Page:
Now that Windows Phone 7 products have finally hit stores – in New Zealand at least – reviews are finally starting to trickle out. Unfortunately, my own favorite, the Dell Venue Pro, hasn’t been made available yet, and most are using the HTC HD7 or Samsung Focus for their reviews. However, some clear advantages and shortcomings have been identified, which should point out who will like this mobile OS a lot, and who won’t.
Who will love Windows Phone 7
Ironically, the folks who really like Windows Phone 7 will likely be those that liked the simplicity of the initial Palm Pilot. The device does a few things really well, and they mostly surround PDA-like functionality. Granted, the phone really prefers a Microsoft Exchange environment for full capability, but e-mail, contacts, calendar and even SharePoint support stand out ahead of the pack. If you are a Zune user, you’ll likely prefer this phone as well, because it provides the full subscription Zune experience, eliminating the need for multiple devices.
The interface is simple and intuitive for once and it gets out of the way of what you need to do, once again building on the idea that if what you want is a good phone that does a few things well, this platform may appeal to you over the others. The browser is one of the best in the market, though it, like Apple’s, doesn’t support Flash at the moment (it will likely be added early next year).
Finally, this phone loves Facebook and has the best connectivity with that service I’ve so far seen.
Who will hate Windows Phone 7
Windows Phone 7 doesn’t yet have cut and paste, but that is due early next year and, personally, I’ve never used that feature in a phone. Since you can click-call a phone number, the only reason I might use that feature is already handled better, so the omission is really much to do about nothing. However, there are some bigger issues, starting with multi-tasking and state retention, which is why you’ll note I left off Xbox Live gaming from the “loving it” section. This is because while the phone is capable of multi-tasking, it is not accessible by most of the existing applications. In addition, these applications don’t remember state, so if you have to leave them to do something else or the phone suspends, you’ll likely have to re-launch the application and restore from a saved state, assuming the application has one.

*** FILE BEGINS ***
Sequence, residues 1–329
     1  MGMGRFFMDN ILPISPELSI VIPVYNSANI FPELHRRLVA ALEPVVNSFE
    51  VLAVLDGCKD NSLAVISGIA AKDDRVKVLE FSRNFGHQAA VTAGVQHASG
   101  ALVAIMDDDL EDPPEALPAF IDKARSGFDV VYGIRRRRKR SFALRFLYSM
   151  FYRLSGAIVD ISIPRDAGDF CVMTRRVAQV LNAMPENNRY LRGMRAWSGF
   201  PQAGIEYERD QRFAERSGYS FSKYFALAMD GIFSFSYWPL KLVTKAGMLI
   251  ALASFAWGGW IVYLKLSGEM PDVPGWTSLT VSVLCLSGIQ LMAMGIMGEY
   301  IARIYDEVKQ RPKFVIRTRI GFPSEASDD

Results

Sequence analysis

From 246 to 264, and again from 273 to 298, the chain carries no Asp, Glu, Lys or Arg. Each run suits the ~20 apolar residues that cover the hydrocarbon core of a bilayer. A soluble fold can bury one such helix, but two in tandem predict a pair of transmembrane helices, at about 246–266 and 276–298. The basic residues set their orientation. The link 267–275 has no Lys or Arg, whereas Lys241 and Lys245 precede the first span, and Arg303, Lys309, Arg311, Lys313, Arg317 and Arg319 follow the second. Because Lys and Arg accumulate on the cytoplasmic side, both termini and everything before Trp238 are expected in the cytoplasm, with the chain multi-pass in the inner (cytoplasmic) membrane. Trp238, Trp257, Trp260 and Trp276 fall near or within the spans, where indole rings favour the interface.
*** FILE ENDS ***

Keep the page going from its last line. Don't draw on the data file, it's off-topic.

For gaming on a phone, the lack of multi-tasking can be forgiven, because it would kill phone performance, but not remembering the state the game was in, something earlier versions of Microsoft’s phone platform did well, is huge omission. I think this is a deal breaker for those who want to game on the phone.
Applications are light, and my own favorite, TweetDeck, is not yet available on the phone. This means if you are in love with a number of applications on the iPhone or Android platform, there is a good chance what you want isn’t yet available on Windows Phone 7 yet, and you’ll likely miss it a great deal.
So while this could have a gaming advantage, because it doesn’t retain state, it doesn’t, and if you love a lot of applications, particularly popular ones like TweetDeck; it may be awhile before they show up. I’d wait until they did.
The first batch of Windows Phone 7 devices being reviewed are largely pre-release phones, and the full application suites aren’t available yet, which means they will likely get better over the next few weeks. However, the lack of the ability to retain state in games and other applications will probably not be corrected for some time, perhaps even not until the next version, so if that is an issue for you, you’re best off waiting until it is fixed.
On the other hand, reviewers are trending toward the unanimous opinion that this Windows Phone 7 is a contender, because of how well it does a few things, and the elegance and competitively advanced user interface. The fact is that while Microsoft didn’t pass Apple or Google, they did get within shooting distance, and started so far behind most didn’t think they could even get that far. They made the race, and enhancements this year or early next should significantly close the gap, but contending for the lead will likely have to wait until Windows Phone 8. For Microsoft, it is often the last little bit they didn’t get done that screws them up, and this time it is the inability to retain state or more effectively multi-task.
If you love simplicity, want an easy-to-use phone that just does the basics well, and don’t like the complexity of existing Android or Apple products, this might be a better alternative for you. On the other hand, if you are looking for something similar or more capable than an iPhone or Android product, you’d be advised to wait. In the end, it is all about knowing what you want and finding the best product to meet your own unique needs.
General advice holds for this OS: Wait for three months until all of the initial bugs are worked out, and most of you will like the second version much better than the first. My recommendation would be to wait until more apps and bug fixes are available on Windows Phone 7 before picking up a phone. Early adopters are not being rewarded with anything special at this point.